I just had to mention it; mythologically speaking, it is wrong. The story Annabeth tells mentions Cadmus and Europa, that actually are brother and sister, but they have nothing to do with the Golden Fleece’s myth. Actually, she’s another of Zeus’ lovers (and the one from which Europe took its name), and he is a famous monster slayer, each of them with their own myths. But still, it is a minor detail and the story can be understood the same, it doesn’t take away the fact that the book is awesome.

My problem is that, being still a Greek mythology freak (although less enthusiastic as I used to be at thirteen, or fourteen), I knew some things the characters didn’t and when they came out were less surprising as they were intended to be, like Chiron being Kronos’ son. But I simply have to stand up and give a loud applause to Rick Riordan, because of the awesome fact that he was able to make me laugh with a character as terrible as Tantalus. Lets face it, his myth is probably one of the cruelest, but even so, his bad mood and his attempts to catch food had me laughing out loud, and even more through Percy’s eyes: “That was so completely unfair that I told Tantalus to go chase a donut.”. And also “Tantalus made a wild grab, but the marshmallow committed suicide, diving into the flames.”. Really well done, Mr. Riordan!

The book is amazing, and I’ll never get tired of saying so. The ending is a perfectly mean cliffhanger that will make me grab the third book as fast as I can. This series only gets better and better, and it reminds me why I love fantasy so much! You are never too old for stories like this, and I recommend it all of those people who haven’t read it yet! Go for it, you won’t regret it!

Friday, December 2, 2016

Review - The Lightning Thief

Original Title: The Lightning Thief
Series: Percy Jackson and the Olympians, #1
Author: Rick Riordan
Published: June the 28th, 2005

Publisher: Disney Hyperion Books

I said it before and I say it again: “never judge a book by its movie”. I grabbed it after a peaceful Sunday afternoon watching the movie on tv, after mere curiosity, and that very same day I got the book and started reading it.

My first thought was that I wish I had read this book back when it was published. I was thirteen years-old back then, and I already used to lock myself up with a collection of encyclopedias to read about gods, goddesses and heroes. I was a Greek mythology freak pre-teen. But also, I’d wish I had met Percy back in a time in which he and I had so much in common. Upon reading about him, I could relate to many of those things he faces, as I faced them as a kid back in school, and that sadly are a reality many adults choose to ignore, especially when it comes to bullying (yeah, I know that firsthand, but back when I was a kid, it didn’t had that name -it was only something all kids do, so I was never defended; in fact, my bullies were defended when I reacted).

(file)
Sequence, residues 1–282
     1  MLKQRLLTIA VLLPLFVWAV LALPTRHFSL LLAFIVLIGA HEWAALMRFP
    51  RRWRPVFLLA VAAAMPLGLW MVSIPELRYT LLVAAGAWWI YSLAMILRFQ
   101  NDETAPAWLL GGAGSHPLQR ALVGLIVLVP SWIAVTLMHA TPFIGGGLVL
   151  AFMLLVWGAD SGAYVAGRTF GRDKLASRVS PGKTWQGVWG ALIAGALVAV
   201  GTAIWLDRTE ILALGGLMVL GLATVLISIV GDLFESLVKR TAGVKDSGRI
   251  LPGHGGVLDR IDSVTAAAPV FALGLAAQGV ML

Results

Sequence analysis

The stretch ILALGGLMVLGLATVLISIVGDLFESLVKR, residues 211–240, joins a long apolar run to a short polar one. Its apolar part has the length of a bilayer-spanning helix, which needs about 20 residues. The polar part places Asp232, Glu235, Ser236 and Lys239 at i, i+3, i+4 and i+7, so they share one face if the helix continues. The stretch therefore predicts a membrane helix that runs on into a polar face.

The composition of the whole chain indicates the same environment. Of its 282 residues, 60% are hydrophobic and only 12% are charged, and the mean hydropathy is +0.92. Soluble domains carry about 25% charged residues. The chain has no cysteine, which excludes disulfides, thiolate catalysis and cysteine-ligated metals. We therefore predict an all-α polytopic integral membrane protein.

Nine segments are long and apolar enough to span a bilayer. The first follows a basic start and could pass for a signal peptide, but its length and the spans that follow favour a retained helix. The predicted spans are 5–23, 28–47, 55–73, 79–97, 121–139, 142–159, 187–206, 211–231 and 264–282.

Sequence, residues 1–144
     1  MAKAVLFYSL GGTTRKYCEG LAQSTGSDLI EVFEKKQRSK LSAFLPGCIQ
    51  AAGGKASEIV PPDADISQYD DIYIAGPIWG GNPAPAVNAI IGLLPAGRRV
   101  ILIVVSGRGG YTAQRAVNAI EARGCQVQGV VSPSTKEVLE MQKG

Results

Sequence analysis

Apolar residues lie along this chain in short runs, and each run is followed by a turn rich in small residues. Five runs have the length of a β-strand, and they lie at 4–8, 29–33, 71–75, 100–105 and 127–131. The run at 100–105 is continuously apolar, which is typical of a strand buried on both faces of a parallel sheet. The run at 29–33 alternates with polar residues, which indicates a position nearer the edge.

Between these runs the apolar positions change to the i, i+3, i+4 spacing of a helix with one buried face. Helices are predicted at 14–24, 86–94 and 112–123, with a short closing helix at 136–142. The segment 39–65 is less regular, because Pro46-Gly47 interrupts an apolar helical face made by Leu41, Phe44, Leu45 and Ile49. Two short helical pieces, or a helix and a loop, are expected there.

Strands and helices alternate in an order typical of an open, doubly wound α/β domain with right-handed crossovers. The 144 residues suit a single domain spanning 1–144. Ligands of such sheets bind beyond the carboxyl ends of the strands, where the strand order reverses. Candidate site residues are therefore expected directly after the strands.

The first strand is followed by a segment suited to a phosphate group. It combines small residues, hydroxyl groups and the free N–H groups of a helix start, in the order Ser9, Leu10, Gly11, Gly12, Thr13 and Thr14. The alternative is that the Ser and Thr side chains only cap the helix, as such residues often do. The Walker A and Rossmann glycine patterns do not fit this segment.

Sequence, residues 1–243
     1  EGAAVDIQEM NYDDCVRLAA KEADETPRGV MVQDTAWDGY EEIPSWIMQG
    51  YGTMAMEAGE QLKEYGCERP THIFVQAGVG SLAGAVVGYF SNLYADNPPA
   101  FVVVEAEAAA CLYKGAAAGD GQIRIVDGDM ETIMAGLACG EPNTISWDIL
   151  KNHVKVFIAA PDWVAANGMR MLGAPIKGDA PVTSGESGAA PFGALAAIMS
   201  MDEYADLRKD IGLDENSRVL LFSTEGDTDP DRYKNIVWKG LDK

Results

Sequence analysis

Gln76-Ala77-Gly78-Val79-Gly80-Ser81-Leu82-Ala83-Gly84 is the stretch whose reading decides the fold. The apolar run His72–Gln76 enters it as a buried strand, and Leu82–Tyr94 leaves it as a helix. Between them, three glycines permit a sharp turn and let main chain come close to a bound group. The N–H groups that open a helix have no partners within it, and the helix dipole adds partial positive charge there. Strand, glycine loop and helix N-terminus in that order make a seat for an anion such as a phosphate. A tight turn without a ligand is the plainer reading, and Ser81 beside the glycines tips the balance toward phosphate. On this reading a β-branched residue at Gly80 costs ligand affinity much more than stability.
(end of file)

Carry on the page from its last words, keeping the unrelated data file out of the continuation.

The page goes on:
It was a great read; as I passed the pages I was able to remember lots of things I had read about mythology, and let’s face it, Rick Riordan did a great work adapting the gods and deities to the modern world, and definitely, his image of the Fire is quite accurate. Humanity, basically, hasn’t changed, and those same vices the Greek pictured in paradisiac islands, brought by spells casted by nymphs and goddesses, tempting travelers and heroes alike, are perfectly clear in the most powerful nation in the world. The way he told how those myths we can read are a reality in this story, is brilliant, especially after I, as I read myth after myth, discovered that much of what happens in them isn’t always suited for under-aged readers.

There’s however, a few things I have to mention. For starters, Percy’s mom. She knew the whole time she had a son with the Sea God, and she takes it normally, but I want -need- details! How they met, how she knew who he really was, how she believed him and… I mean, how do you take in the fact you ended up pregnant by an old Greek deity? Even when she’s a really good character, Sally Jackson never really gives any explanation of how things happened, except for a few lines that aren’t enough! And on the other hand, we have Poseidon as Percy’s dad. It bothered me a little that nobody seemed to connect the dots. I mean, come on! Percy finally accepts the fact that his father is a god, but he doesn’t know which of them. Although, yes, he has uncontrollable reactions related to water every time he’s bullied or mistreated, like when he made the bathroom pipes explode, or healed his own wounds. It was right there! There’s not much to think if you have twelve cabins for the kids of those twelve main gods to live in Camp Half-Blood, and only one of them belongs to a god related to water. Of course, there’s other Greek sea gods, but they are minor and wouldn’t have a cabin in the camp (like Proteus -a son of Poseidon-, or Nereus), so I think it was quite clear the whole time, even before Poseidon himself claimed him as his son.

A thing that also bothered me a little is that everything is very American. Very. And before anyone say anything, I’m not from the U.S.A., but from Argentina. I bring it up only because lately I’ve been thinking, it’s unbelievable how we naturalized all those things we hear about in movies, series and books, about the Northern country; it’s geography, celebrations, summer camps… Even the seasons! This book takes place in the U.S.A, and it has lots and lots of reference to things only those born there will fully understand. But it’s not, however, something I fully criticize. It’s ok.

As for those comparing Percy Jackson with Harry Potter, yes, I saw lots of things in common, but this story is great in its own way, no comparison needed. Give it a try; after all, each reader has a different, unique point of view, and Percy and his friends are heroes worth reading, so definitely, I’m going to read the rest of the saga!